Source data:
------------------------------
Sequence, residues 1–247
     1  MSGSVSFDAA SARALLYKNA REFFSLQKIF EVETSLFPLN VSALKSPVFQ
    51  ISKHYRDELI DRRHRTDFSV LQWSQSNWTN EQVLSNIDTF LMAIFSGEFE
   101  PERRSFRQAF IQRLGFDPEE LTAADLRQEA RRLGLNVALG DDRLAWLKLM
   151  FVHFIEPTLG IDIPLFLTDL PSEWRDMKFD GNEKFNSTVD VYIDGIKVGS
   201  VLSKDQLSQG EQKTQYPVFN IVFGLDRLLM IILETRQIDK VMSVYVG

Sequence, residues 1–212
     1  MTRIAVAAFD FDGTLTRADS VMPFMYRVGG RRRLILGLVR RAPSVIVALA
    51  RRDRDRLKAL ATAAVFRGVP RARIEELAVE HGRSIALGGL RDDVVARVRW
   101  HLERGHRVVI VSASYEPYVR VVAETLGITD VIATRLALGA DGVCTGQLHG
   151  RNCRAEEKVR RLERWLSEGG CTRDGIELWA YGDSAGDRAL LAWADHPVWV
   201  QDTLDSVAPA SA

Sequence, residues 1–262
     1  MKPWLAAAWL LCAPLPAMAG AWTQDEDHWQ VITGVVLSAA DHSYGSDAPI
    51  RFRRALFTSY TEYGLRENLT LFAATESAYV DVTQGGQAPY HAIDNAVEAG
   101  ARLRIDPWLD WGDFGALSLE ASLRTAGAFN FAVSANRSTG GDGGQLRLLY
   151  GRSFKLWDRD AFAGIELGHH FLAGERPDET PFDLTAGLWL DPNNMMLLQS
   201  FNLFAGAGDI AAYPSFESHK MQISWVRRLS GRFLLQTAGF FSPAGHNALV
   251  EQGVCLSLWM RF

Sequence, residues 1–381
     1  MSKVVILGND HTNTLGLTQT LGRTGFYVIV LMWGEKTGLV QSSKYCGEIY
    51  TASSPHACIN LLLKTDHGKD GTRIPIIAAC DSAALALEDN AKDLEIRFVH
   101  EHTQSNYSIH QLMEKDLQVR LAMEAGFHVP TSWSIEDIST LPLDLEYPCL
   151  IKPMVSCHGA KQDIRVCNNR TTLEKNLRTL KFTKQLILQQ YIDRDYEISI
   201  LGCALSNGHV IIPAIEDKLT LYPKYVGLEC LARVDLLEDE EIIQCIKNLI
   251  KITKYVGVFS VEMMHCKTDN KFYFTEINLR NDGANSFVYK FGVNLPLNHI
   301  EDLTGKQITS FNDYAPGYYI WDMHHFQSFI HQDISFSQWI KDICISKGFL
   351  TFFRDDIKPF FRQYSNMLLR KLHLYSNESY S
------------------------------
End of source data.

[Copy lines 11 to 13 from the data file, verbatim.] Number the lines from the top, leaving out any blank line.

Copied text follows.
   151  RNCRAEEKVR RLERWLSEGG CTRDGIELWA YGDSAGDRAL LAWADHPVWV
   201  QDTLDSVAPA SA

Sequence, residues 1–262